Series Spotlight: Thoroughly Southern Mysteries

25 Feb

Patricia Sprinkle has created a wonderful cozy mystery series, Thoroughly Southern Mysteries, set in a fictional town in middle Georgia.  MacLaren Yarbrough is co-owner of the Yarbrough Feed, Seed and Nursery and, since her husband was shot, serves as the town magistrate. If you like small town fiction combined with a great mystery, this series is for you.

The first two books in the series are When Did We Lose Harriet? and But Why Shoot The Magistrate?. Both were published by Zondervan and may be difficult to find.  If you can locate these two, please start at the beginning.  Otherwise, the third, Who Invited The Dead Man?, would be a good place to start.

Whether handling customer calls at the Yarbrough’s Seed, Feed, and Nursery or close calls while solving crimes, sixty-something Southerner MacLaren Yarbrough knows how to charm her way through anything.

When a local man is found murdered at her husband’s birthday gala, MacLaren sweet-talks clues out of affluent matriarchs, shady drifters, and even a disgruntled parrot to uncover the roots of the crime.

MacLaren Yarbrough succeeds in meddling in the crimes committed in her small town by virtue of her role as magistrate and her relationships with both victims and suspects.  Being from middle Georgia myself, I love the hometown southern feel of her novels, complete with garden clubs, women’s investment clubs, Junior League, etc. As a small business owner, Mac also has to deal with that killer of small town businesses, the big box store.  The series is currently 10 books strong, so it offers many hours of enjoyment.  Check them out today.

About the author:

My folks are North Carolinians, but lived in West Virginia just long enough to have my sister and me while my preacher dad served coal field churches. When I was two we moved to Loray, North Carolina, just outside of Statesville. My little sister and I did a lot of things the children do in my novels The Remember Box and  Carley’s Song. Five years later we moved to Wilmington, where we played in the Atlantic and promised we’d swim to France–tomorrow. When I was twelve, we moved down the coast to Jacksonville, Florida. I decided in ninth grade to become a writer, so after Robert E. Lee High, I headed to Vassar College, which had a great creative writing program.

After college I returned to my folks, by then in Miami, to work long enough to earn money for a serious test of my writing commitment. With $750, one suitcase, two coats and a portable typewriter, I headed to a Scottish Highland village where, at that time, room and board cost $14 a week. They called me “the daft American” because I had come from Miami to spend the winter in the Highlands.

Before the money ran out, I had sold one poem, one article, one short story, and a one-act play. Fortified by that major impact on British literature, I moved to Atlanta and started a series of writing-related jobs. In the next few years I wrote for religious magazines like Guideposts and also wrote a good bit of educational materials on the subject of hunger. But no matter what I was writing, what I was reading was mostly mysteries.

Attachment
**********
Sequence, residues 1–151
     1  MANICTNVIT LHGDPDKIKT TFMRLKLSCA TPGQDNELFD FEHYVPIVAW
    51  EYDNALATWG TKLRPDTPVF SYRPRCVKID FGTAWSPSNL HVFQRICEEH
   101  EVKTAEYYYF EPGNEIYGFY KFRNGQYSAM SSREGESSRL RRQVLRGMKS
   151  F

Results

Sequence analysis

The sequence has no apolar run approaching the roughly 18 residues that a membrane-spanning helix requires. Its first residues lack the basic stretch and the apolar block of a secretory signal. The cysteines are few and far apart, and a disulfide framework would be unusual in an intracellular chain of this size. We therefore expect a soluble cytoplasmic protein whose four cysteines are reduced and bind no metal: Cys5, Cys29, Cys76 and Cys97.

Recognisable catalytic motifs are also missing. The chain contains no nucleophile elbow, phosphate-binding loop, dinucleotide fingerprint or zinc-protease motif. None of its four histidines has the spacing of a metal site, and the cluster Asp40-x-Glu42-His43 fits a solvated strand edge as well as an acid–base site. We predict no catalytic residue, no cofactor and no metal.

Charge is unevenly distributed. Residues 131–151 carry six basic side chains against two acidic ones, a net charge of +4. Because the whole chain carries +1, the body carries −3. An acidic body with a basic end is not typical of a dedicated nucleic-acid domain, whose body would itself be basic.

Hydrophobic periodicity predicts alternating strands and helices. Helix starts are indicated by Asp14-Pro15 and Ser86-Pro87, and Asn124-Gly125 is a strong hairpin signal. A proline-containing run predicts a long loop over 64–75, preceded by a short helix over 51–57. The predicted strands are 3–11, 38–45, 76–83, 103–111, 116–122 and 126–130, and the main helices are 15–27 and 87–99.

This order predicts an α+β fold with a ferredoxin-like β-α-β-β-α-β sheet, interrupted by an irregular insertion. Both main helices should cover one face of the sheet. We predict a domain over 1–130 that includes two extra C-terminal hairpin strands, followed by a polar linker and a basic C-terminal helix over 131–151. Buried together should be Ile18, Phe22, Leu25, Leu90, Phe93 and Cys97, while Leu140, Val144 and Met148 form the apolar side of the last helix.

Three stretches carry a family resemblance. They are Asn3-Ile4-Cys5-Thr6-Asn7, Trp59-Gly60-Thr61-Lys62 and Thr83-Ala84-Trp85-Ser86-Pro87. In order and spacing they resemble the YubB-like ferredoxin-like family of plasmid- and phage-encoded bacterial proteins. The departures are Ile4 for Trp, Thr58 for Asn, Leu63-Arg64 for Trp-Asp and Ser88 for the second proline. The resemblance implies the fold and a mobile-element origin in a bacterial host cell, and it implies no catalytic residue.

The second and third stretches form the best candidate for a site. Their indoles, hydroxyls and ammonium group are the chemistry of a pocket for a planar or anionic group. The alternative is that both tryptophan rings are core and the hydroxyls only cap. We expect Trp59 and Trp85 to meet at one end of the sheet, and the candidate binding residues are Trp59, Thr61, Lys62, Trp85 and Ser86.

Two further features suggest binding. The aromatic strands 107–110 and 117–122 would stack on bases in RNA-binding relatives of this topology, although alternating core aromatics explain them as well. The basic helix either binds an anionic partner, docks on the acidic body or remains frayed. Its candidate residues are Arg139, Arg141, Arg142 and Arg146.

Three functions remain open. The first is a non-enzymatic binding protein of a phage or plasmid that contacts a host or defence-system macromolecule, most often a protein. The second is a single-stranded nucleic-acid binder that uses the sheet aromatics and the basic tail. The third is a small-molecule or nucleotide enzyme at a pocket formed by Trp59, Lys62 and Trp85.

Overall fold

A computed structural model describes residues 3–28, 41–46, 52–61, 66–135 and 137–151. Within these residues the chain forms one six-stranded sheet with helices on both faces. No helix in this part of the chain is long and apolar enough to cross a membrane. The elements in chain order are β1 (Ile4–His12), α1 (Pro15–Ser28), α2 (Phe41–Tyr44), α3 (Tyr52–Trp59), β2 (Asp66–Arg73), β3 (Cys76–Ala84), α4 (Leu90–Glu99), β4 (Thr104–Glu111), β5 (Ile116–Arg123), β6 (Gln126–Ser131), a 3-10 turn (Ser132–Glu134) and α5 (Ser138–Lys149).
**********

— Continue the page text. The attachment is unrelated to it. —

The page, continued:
When I met and married Bob, he looked over our budget and demanded, “Why don’t you write a mystery to pay for all the ones you buy?” I immediately knew I wanted to put a body in a building where I’d once worked. However, being over-endowed with the Protestant ethic, I wrote “important” things first and only wrote the mystery in my spare time, so my first mystery, Murder at Markham (reissued by Silver Dagger in 2001), took thirteen years to complete. It took even longer for me to learn that any writing which gives me pleasure is important, whether fiction or non-fiction.

Since 1988 I have written twenty mysteries, four novels, and five non-fiction books. I am grateful to my readers and editors for letting me do what I enjoy most in the world. Bob has concluded that writing is not a profession, it’s an obsession–my favorite vacation is to go to a place where somebody else fixes my meals and where I can write more than I do at home, without interruptions. Thanks, if you are one of the readers who keeps my fingers on the keys. I enjoy spending time with you at conferences, book clubs, and signing events.

Bob is still my encourager and faithful patron of the arts. During our forty years together we have lived in Atlanta (four times), Chicago (twice), St. Petersburg (twice), Mobile, and Miami. Along the way we had two sons. Barnabas is married to Emi and they have two little boys. I’ll be glat to tell you about my grandsons! Our younger son, David, lives in Brooklyn, where he is engaged to Jackie, optimizes web sites in New York City, plays drums and a mean electric piano, and composes beautiful music.

The rest of what you want to know, you’ll find in my books. The people are different, but the basic stories are true. I always figure, why make up anything I can remember instead?

Sprinkle also leads women’s seminars and weekend retreats.  For more information, click here. Or you can reach her at

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